Project to Restore Gulf of Mexico Fish Kicks Off Third Year
The third annual Deepwater Horizon Oceanic Fish Restoration Project began on January 1, 2019. Ten fishers from Florida and Louisiana have volunteered for and been selected to participate in the 2019 project, which aims to restore a portion of the fish injured as a result of the 2010 Deepwater Horizon oil spill.
Many species of oceanic fish in the Gulf of Mexico were injured during the oil spill, including tuna, billfish, sharks and mackerel, as well as deepwater fish such as lancetfish. In addition to killing fish outright, the oil spill also had detrimental effects to those fish that survived the initial spill and cleanup.
To help restore these species, the National Oceanic and Atmospheric Administration (NOAA) and the National Fish and Wildlife Foundation (NFWF) are working with the pelagic longline (PLL) fishery in the Gulf to launch a temporary restoration project. This project includes a voluntary repose — a period during which participating vessel owners will receive financial compensation to refrain from pelagic longline fishing.
From January 1 through June 30, 2019, participants will refrain from using their conventional pelagic longline (PLL) fishing gear in the Gulf of Mexico. Most participants will fish using alternative gear — buoy, deep drop rod and reel, and greenstick gear — instead to continue to catch and bring fish to market. These gears specifically target yellowfin tuna and swordfish and result in lower bycatch of other non-target fish species.
Participation in the repose is limited and voluntary — only a portion of the overall Gulf of Mexico pelagic longline fishing fleet (estimated around 35 active vessels) will be selected to participate in any given year. Those PLL vessel owners who are not participating (the majority of the fleet) will continue to land tuna and swordfish throughout the Gulf as usual.
For the 2019 project year, more than half of the eligible vessel owners applied for the project. The number of applicants far exceeded the capacity of the project. Eight vessel owners from Louisiana and two vessel owners from Florida were selected to participate.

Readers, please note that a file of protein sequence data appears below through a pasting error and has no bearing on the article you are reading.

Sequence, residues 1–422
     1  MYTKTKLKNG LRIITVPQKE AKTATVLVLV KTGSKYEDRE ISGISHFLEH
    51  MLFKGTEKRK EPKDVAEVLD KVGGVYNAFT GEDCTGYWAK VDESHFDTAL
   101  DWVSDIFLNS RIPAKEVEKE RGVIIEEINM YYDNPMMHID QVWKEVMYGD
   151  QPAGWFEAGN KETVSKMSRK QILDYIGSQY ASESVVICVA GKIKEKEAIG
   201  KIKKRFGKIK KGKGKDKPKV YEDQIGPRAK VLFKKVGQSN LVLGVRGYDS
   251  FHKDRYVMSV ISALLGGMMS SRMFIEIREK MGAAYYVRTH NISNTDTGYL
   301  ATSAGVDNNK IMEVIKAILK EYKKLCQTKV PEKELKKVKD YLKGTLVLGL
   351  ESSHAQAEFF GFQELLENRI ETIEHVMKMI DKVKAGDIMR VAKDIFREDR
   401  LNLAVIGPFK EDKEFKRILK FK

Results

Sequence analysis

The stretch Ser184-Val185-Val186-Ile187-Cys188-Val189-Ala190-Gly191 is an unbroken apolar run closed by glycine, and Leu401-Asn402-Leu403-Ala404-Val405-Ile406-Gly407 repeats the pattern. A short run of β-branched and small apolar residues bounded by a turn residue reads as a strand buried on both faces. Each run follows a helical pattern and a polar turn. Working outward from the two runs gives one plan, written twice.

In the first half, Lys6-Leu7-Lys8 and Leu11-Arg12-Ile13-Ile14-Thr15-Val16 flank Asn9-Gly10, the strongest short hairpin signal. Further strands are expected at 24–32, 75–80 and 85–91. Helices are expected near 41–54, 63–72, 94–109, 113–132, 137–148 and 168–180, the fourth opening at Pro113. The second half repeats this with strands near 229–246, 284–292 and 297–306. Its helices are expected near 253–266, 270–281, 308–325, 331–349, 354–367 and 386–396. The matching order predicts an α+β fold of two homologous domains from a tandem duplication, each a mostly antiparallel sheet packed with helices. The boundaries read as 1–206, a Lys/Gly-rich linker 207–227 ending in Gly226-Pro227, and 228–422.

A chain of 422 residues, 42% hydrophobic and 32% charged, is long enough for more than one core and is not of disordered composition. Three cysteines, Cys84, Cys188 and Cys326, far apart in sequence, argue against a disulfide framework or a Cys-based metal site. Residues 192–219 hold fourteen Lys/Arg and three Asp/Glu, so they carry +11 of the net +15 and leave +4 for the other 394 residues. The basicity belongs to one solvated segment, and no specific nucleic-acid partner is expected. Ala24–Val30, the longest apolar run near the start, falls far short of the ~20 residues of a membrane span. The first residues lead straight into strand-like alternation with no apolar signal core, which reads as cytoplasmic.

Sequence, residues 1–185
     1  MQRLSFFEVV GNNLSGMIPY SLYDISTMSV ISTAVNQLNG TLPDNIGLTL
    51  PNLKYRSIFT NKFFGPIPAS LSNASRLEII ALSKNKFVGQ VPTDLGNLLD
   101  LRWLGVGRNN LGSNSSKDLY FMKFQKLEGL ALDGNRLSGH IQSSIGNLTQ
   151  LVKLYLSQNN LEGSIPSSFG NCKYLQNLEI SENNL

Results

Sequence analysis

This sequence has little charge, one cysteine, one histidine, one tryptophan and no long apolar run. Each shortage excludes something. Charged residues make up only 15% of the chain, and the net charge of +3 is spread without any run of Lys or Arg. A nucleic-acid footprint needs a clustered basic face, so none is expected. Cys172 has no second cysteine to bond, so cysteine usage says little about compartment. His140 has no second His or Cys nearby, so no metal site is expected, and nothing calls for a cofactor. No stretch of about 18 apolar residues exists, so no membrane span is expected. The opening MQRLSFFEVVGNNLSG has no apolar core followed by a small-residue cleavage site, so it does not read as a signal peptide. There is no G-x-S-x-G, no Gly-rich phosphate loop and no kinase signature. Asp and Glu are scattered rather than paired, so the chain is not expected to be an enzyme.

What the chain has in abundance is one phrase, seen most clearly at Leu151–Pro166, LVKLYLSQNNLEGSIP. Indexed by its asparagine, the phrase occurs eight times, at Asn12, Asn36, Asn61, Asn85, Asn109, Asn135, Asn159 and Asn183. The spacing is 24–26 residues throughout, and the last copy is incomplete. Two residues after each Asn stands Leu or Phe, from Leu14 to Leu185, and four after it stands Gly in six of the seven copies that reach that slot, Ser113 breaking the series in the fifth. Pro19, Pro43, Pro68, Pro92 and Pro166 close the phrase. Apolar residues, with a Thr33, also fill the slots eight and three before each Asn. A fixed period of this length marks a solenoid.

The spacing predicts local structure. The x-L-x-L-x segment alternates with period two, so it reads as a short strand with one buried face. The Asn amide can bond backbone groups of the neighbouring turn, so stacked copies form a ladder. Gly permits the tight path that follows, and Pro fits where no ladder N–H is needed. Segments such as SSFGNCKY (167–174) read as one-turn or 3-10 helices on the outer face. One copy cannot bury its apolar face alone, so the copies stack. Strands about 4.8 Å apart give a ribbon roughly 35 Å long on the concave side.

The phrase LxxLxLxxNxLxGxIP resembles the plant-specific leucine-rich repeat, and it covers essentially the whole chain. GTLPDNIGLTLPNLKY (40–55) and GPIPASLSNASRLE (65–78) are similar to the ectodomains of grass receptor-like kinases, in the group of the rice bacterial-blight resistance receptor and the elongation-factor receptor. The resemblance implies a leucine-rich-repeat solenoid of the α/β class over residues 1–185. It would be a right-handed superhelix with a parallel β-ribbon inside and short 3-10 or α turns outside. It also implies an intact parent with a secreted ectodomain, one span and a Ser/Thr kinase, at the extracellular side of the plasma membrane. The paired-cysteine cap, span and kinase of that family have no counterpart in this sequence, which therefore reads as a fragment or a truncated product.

A success story
“After two successful project years, NFWF and NOAA look forward to another productive year,” said Erika Feller, director of marine and coastal conservation at NFWF. “Building on the knowledge we gained from 2017 and 2018, we continue to expand and strengthen the project. We have received an overwhelmingly positive response from project participants.”
Data collected also shows clear bycatch benefits from past project years: the amount of bycatch species caught using alternative gear was minimal, and many of those that were caught were released alive.
A look ahead
The alternative gear portion of the project provides an opportunity for participants to study and improve their proficiency with new gear types. They can assess the alternative gear, at no cost, and be at the forefront of developing strategies to fish using these gear types in the Gulf of Mexico over the long-term.
“Yellowfin tuna and swordfish are critical components of the Gulf of Mexico ecosystem, and area fishing business and communities depend on them,” said Chris Oliver, Assistant Administrator for NOAA Fisheries. “By participating in the repose and testing alternative gear, participants are continuing to bring fish to market while also reducing fish mortality to allow fish to grow and reproduce. They are helping support healthier populations of fish throughout the Gulf.”
NOAA is authorized under the Oil Pollution Act to conduct the Natural Resource Damage Assessment process as a federal trustee and to carryout restoration efforts. This project is funded through the $1 billion in early restoration funds provided by BP in 2011. This project was included in the fourth phase of early restoration, released in September 2015, and helps to compensate for injuries incurred by pelagic species. The project is tailored to restore resources impacted by the 2010 Deepwater Horizon oil spill and does not affect existing management practices or regulations.
For more information, please visit www.nfwf.org/pll